The Dunning-Kruger Effect and Dartmouth College

I was recently able to put a name to a behavioral tendency that I’ve long recognized in myself. I was listening to a podcast where the hosts are seasoned endurance athletes (note: I am not such an athlete). One of the hosts began talking about his journey into endurance sports and how, even though he had been quite athletic most of his life, he was stunned by his own underestimation of how difficult and demanding endurance training was. He knew endurance training would demand sacrifice, discipline, and fortitude: as a veteran athlete, it wasn’t the difficulty itself that surprised him. It was his underestimation of what was required and his overestimation of personal performance that truly caught him off guard. This, he shared, was an example of the ever-present Dunning-Kruger Effect. His incompetence lead to overconfidence.

In 1999, psychologists David Dunning and Justin Kruger embarked on a study comparing how participants viewed their own performances in a series of tests (on grammar, logic, and humor). The results consistently demonstrated that the lowest performers often overestimated their performance: they had an inflated self-assessment when asked to predict their scores. This was evident for the lowest scorers more than any other group. In short, the underperformers displayed a form of cognitive bias that was dangerous because it ended up distorting their self-awareness. The implications of this are many, the most obvious being that overconfidence (while incompetent) can ultimately lead to poor decision-making.

In a 2019 interview with Vox, David Dunning had to make a clear point about his namesake effect: “The first rule of the Dunning-Kruger club is you don’t know you’re a member of the Dunning-Kruger club.” Through trial and error, I’ve come to recognize this cognitive bias in myself many times. Whether the subject was physical fitness, politics, market analysis, religion, or public speaking, I found that I usually overestimated my ability to understand (or perform) something if I was untrained in it. This has been especially true in my academic journey, beginning two years ago when I started my undergraduate education at Dartmouth College. I believe this is in large part to the nature of the liberal arts education model that Dartmouth follows. In course after course, sometimes lecture after lecture, what I thought I knew about a subject was consistently proven to be inadequate or even uninformed. When I saw the Dunning-Kruger Effect in myself, I felt an uncomfortable prick to my ego. But I now realize that’s a good thing. After all, recognizing this effect can lead to an intellectual humility and better self-consciousness. And the more conscious I am of my cognitive shortcomings, the more cautious and self-critical I can be in my decision making. Easier said than done—Dunning also stated, “Not knowing the scope of your own ignorance is part of the human condition. The problem with it is we see it in other people, and we don’t see it in ourselves”.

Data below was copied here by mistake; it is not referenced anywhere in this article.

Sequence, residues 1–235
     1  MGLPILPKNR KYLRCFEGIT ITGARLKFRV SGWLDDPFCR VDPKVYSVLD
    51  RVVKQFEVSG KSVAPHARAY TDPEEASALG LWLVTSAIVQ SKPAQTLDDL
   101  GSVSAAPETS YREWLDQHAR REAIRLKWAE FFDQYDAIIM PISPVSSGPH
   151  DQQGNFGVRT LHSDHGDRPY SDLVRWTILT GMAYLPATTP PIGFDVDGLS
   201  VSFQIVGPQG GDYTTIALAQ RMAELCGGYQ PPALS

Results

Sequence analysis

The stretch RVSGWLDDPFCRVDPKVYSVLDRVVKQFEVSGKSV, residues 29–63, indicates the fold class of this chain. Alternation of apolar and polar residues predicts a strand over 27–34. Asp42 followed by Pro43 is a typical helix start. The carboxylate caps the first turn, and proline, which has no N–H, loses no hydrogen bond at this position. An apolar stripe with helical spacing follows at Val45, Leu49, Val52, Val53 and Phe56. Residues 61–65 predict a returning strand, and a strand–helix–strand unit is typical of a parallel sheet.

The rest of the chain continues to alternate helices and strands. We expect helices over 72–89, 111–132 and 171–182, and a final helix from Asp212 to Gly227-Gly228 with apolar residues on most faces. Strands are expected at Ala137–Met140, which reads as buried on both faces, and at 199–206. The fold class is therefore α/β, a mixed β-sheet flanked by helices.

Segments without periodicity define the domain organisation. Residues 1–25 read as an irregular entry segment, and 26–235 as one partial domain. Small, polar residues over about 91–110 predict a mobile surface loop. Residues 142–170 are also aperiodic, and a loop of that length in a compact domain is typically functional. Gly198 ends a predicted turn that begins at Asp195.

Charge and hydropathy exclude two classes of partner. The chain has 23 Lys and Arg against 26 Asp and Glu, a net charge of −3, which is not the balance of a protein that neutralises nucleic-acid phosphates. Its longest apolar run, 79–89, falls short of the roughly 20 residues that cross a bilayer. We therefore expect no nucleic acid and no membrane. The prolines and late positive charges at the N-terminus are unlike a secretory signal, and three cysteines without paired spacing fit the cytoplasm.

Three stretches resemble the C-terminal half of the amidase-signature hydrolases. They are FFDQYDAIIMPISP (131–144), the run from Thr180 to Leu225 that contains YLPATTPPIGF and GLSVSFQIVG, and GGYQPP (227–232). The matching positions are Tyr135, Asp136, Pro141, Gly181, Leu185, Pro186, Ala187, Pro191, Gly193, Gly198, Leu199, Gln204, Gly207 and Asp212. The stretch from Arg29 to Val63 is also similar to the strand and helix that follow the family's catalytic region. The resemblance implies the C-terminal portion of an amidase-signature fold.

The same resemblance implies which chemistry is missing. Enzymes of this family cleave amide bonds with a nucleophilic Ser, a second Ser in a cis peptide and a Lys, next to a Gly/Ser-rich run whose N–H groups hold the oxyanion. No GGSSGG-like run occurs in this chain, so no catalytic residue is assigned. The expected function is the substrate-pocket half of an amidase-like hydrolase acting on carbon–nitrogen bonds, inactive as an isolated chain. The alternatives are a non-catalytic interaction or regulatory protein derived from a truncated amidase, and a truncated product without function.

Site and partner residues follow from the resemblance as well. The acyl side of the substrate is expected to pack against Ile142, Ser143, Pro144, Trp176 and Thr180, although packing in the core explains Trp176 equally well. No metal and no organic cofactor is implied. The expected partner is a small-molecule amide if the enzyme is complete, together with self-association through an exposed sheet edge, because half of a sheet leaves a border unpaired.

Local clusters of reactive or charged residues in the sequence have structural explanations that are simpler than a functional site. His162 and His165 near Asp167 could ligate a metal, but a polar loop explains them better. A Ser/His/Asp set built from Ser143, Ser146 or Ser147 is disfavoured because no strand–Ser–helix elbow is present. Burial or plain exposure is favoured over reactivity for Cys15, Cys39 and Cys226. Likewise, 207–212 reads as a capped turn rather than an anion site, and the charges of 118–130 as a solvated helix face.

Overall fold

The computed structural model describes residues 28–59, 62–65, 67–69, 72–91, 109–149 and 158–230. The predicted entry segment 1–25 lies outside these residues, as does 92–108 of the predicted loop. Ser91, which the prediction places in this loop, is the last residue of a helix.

I’ve come to believe that great professors, authors, or academic institutions make it a goal to illuminate where students may be unwitting victims of the Dunning-Kruger Effect. This has been my experience at Dartmouth, and I would bet money that this is the experience of many of my peers—and this not at all by accident. It is my strong belief that a robust liberal arts education, such as that which Dartmouth champions, fosters such an experience since students are required to take classes in multiple disciplines, where they inevitably are at risk of underperforming if they do not prepare. In this system, students are forced to confront their own ignorance often. What better form of education is there? The more students recognize their own ignorance and biases, the better their education has served them. So, whether you’re a student or soon-to-be student, seek environments that expose your biases and ignorance, however uncomfortable that may be—because that exposure is key to a successful, thorough education.

Written by: Anthony Lenkiewicz